Example Interview Questions

Whilst we can never guarantee what questions will be asked at an interview, we have compiled below some typical interview questions and example answers to help you prepare:

1. Tell me about yourself

  • Talk for no longer than 1-2 minutes.
  • Practise your answer and be able to highlight key aspects of your career that relates to the job.
  • Use key points from your CV.
  • Ensure you only use positive aspects of your history.

2. What do you know about our company?

  • Show that you have done your research by knowing what their products are, how big the company is, what their turnover / profit is, what their reputation is like within the industry.
  • Know the company’s history, image, goal, and philosophy.
  • Project an informed interest which allows the interviewer to tell you some more detailed aspects about the company.

3. Why do you want to leave your current job?

  • Try and keep your answer positive, avoid any negative comments about your company or any of the people you work with.
  • Your answer should make it clear that you are a strong performer in your current role and are now looking for a new opportunity.
  • Emphasise the opportunities and challenges that this role will provide.

4. Why should we hire you?

  • They want to know you are genuinely interested in the company and the opportunities this job provides.
  • Be very positive and confident in your reply, not vague.
  • Think about what really appeals to you about this job and company, and how you can stand out from the other people who are applying for this job.

5. In your current or last position, what are or were your most significant achievements?

  • Refer to the key accomplishments already identified in your CV.
  • Keep it brief and use performance figures or results against targets if appropriate.

6. What are your greatest strengths?

  • Make sure you choose examples that are relevant to this job.
  • For most jobs you will want to include an example of working well as part of a team.
  • Try and set yourself apart from typical answers other candidates will give.

7. What are your weaknesses?

  • Don’t be overly negative about your weaknesses.
  • Don’t say you haven’t any.
  • It’s always safe to identify a lack of a skill or experience as a shortcoming rather than a personal characteristic.

8. Tell me about a time when you have had a conflict with another member of your team

  • Companies are looking for you to be able to work with a range of people and deal effectively with conflict.
  • Be objective in the way you describe the situation - how did the conflict occur and how was it resolved.
  • Discuss specifically what you did to improve things; perhaps you listened more.
  • Interviewers like people who have learnt from a situation so a great answer here will not only include how the situation was resolved but also how the relationship then improved.

9. What salary are you looking for?

  • You could also use your current salary as a base and say that you are looking to improve on this but be careful in case that lowers the wage they offer.
  • Consider giving a range of what you understand you are worth in the marketplace.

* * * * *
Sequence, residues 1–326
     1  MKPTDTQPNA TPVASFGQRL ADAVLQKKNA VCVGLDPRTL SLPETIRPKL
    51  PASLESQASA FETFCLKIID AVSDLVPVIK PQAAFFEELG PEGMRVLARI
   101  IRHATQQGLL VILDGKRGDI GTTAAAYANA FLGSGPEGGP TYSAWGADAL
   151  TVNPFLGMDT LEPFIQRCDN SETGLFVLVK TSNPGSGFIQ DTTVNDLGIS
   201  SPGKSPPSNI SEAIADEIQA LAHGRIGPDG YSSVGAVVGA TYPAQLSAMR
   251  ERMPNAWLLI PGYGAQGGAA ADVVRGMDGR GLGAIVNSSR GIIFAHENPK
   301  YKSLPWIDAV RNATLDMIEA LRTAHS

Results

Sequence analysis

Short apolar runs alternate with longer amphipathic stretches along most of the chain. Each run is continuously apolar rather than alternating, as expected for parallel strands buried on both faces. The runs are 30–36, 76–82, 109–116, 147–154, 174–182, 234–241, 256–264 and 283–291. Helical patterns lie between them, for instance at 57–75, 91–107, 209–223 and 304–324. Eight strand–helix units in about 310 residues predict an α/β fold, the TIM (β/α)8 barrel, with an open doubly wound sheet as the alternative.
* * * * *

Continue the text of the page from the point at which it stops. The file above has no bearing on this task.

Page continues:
10. Where do you see yourself in five years time?

  • Talk about how you would like to progress through the company.
  • They want to know you are genuinely interested in the company and the opportunities this job provides.
  • You can emphasise specific goals you would like to achieve such as to move into management or obtain professional qualifications.

11. How would your friends and colleagues describe you?

  • Mention positive aspects of what your friends have said about you.
  • Negatives can be mentioned but demonstrate that you are willing to act upon advice.
  • Demonstrate that you can get on with all kinds of people – particularly at work.

12. How would you describe yourself?

  • The interviewer wants to get an insight into you as a person so the focus should be more on your personality.
  • You want the interviewer to feel confident that they are getting a sense of your true personality rather than you telling them what you think they want to hear.
  • Be sure to include things relevant to the job you have applied for.

13. What do you dislike about your current role or company?

  • The interviewer will want to make sure that you are not someone who complains too much.
  • You need to come across as someone who remains positive when dealing with things they dislike.
  • Your ‘dislike’ should relate to circumstances, such as not having enough resources, rather than to any conflict with others.

14. Are you applying for any other positions?

  • Whilst you are likely to be applying for a number of jobs, the interviewer will be looking for reassurance that this is the job you want.
  • You can say that you are realistic and may not get this job, hence applying for others, but be very clear that this is the job you want.
  • You could hint that other companies are interested and you have other interviews lined up, but you want this job because it is a great match for your skills and background.

15. Would you accept if we were to offer you the position?

  • The most important thing is to avoid any sign of hesitation to show in your words, voice or body language.
  • Stress your enthusiasm for the job.
  • If you want to be able to think about it before committing yourself you could refer to it being a great job but of course you would want to review the detail before formally accepting an offer.

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E : info@switch-recruitment.com

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